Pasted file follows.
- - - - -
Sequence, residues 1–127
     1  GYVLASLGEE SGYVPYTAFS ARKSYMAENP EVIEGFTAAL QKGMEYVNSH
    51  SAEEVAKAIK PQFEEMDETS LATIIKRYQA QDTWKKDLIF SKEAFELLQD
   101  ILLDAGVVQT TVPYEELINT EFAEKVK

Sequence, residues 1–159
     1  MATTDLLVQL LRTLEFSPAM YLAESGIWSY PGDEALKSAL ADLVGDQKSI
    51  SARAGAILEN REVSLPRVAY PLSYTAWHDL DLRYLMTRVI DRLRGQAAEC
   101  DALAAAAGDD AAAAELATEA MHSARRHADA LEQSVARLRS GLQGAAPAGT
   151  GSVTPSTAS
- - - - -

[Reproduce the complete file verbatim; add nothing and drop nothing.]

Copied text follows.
Sequence, residues 1–127
     1  GYVLASLGEE SGYVPYTAFS ARKSYMAENP EVIEGFTAAL QKGMEYVNSH
    51  SAEEVAKAIK PQFEEMDETS LATIIKRYQA QDTWKKDLIF SKEAFELLQD
   101  ILLDAGVVQT TVPYEELINT EFAEKVK

Sequence, residues 1–159
     1  MATTDLLVQL LRTLEFSPAM YLAESGIWSY PGDEALKSAL ADLVGDQKSI
    51  SARAGAILEN REVSLPRVAY PLSYTAWHDL DLRYLMTRVI DRLRGQAAEC
   101  DALAAAAGDD AAAAELATEA MHSARRHADA LEQSVARLRS GLQGAAPAGT
   151  GSVTPSTAS